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  5. "Kommer mygg om kvelden?"

"Kommer mygg om kvelden?"

Translation:Do mosquitoes come in the evening?

October 7, 2015

13 Comments


https://www.duolingo.com/profile/Alathat

In the Midwest, we would tend to say "come out in the evening" in this context. It probably sounds funny to others to juxtapose "out" and "in" that way, but we do it.


https://www.duolingo.com/profile/Luke_5.1991

Added! Also, I spent 4 years in the Twin Cities, myself :)


https://www.duolingo.com/profile/AtalinaDove

And I'm sitting here, rejoicing that I finally know how to tell people that Minnesota has a lot of mosquitoes in the summer! xD


https://www.duolingo.com/profile/m.g.doyle

So, you're definitely a man who knows his skeeters!


https://www.duolingo.com/profile/loladesu

Bloody mozzies were out yesterday evening in Sydney. Took a can of flyspray to bed as insurance.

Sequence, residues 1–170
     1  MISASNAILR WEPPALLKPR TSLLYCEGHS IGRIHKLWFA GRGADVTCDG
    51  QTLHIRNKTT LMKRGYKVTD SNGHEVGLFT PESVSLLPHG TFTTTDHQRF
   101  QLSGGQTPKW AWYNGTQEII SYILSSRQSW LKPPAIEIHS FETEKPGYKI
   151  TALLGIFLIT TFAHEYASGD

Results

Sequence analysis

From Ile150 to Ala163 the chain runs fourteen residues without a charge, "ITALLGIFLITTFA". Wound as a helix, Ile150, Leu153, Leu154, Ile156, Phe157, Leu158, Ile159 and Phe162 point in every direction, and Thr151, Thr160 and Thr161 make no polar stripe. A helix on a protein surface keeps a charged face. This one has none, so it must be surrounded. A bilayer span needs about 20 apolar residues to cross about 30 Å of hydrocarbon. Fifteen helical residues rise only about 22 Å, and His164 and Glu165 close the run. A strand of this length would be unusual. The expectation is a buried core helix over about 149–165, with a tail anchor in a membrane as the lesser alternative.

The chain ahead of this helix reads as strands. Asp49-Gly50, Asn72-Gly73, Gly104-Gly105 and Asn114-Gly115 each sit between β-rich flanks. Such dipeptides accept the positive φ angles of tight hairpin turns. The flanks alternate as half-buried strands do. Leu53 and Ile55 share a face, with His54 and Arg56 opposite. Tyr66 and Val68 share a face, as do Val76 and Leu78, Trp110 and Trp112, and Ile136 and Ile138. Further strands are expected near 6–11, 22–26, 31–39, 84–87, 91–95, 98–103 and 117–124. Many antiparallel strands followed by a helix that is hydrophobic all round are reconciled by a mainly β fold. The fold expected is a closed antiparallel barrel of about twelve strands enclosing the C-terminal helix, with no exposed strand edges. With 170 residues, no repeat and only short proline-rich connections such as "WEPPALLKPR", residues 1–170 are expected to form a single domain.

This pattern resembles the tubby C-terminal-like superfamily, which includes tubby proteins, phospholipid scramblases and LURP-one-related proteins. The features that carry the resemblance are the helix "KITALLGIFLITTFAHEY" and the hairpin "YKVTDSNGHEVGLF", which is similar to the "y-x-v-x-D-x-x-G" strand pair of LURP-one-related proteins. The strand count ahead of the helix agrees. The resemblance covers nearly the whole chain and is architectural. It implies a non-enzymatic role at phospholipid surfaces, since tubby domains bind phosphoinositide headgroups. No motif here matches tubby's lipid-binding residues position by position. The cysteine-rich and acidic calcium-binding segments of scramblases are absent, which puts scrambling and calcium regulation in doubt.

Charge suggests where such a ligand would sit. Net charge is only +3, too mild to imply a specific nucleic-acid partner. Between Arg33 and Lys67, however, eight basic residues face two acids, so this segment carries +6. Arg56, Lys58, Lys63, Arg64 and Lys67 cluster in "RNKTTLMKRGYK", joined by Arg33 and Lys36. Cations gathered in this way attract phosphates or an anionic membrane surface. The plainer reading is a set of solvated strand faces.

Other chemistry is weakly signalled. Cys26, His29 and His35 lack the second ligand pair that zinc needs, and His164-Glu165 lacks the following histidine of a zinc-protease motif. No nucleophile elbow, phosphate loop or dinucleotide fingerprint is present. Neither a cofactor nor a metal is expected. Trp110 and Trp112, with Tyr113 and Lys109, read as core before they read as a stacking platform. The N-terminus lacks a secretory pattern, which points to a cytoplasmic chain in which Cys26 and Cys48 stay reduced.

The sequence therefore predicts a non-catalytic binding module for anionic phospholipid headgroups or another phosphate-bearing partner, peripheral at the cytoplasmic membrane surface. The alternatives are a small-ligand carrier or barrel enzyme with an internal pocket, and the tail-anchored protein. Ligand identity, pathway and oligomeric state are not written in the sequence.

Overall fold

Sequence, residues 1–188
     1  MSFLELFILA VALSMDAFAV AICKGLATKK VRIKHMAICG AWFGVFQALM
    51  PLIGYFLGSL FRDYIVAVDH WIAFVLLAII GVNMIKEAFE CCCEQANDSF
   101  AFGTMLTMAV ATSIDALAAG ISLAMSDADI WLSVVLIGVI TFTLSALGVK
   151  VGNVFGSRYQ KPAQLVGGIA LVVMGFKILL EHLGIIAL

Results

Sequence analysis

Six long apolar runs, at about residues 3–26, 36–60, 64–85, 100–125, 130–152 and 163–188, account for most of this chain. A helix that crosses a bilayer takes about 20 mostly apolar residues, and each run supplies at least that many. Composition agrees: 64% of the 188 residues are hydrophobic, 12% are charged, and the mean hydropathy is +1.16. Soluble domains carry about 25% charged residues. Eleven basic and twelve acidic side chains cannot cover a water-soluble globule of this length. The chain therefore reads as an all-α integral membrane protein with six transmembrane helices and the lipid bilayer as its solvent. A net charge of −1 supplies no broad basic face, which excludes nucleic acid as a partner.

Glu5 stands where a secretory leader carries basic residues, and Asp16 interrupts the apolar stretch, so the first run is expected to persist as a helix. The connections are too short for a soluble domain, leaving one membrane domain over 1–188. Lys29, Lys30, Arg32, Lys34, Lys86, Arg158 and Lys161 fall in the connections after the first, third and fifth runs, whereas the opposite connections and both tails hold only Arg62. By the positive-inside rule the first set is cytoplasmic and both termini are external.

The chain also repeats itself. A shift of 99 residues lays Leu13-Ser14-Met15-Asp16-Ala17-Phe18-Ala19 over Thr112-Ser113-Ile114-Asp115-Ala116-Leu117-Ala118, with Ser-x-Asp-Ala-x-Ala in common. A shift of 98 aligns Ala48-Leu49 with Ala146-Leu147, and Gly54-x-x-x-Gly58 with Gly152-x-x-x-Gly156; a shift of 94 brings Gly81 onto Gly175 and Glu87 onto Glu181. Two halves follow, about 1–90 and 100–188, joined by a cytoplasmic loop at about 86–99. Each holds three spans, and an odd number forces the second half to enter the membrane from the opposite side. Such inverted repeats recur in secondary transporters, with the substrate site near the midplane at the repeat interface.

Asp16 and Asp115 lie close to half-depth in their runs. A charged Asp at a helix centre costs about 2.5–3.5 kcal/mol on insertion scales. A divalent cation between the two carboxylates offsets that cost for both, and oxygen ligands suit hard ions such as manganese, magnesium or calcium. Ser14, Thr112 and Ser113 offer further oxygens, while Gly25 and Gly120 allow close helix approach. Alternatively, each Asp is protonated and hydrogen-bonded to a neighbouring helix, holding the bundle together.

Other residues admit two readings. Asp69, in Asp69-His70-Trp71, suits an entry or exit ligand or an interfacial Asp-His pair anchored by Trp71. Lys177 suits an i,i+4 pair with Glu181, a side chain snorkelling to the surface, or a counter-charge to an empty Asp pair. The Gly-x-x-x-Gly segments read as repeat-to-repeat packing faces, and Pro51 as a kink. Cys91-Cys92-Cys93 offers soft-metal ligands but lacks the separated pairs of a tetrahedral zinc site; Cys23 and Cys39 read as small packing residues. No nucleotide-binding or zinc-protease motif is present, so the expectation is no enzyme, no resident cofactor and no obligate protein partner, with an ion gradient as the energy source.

https://www.duolingo.com/profile/mark1316

Unntatt for tigermygg, som biter hele døgnet rundt


https://www.duolingo.com/profile/VictorPaiam

I hear kvelden here like "kverenn" super strange


https://www.duolingo.com/profile/SansEspoir83

She says "kvelden" but the tonality is wrong. She has pressure towards the last part of the word, making it sound weird.

EDIT: New robotic voice is fine.


https://www.duolingo.com/profile/MTCarey

what is the difference in norwegian between a highland midge and a mosquito. A lot of the "mygg" i saw in Norway, I would call midge in English.


https://www.duolingo.com/profile/MarkBennett6

"midge" is accepted as an answer (culicoides impunctatus - the highland midge, which is common in Norway near water, as it is in Scotland). I don't think we get real mosquitoes (species of anapheles or aedes) in Northern Europe.

The term "midge" is used wordwide in English speaking countries to name a host of different small flies that are not all closely related. Some bite, some don't. So "midge" means different things to different people.


https://www.duolingo.com/profile/nanwithaplan

Besides my midwestern self saying "come out in the evening" I also want to say 'the mosquitoes'.


https://www.duolingo.com/profile/TheSnowKing

Yeah, if you're talking about the local mosquitoes wherever you happen to be, you'd use "the". But this is about mosquitoes in general.


https://www.duolingo.com/profile/Xeins1

does midge have another word?

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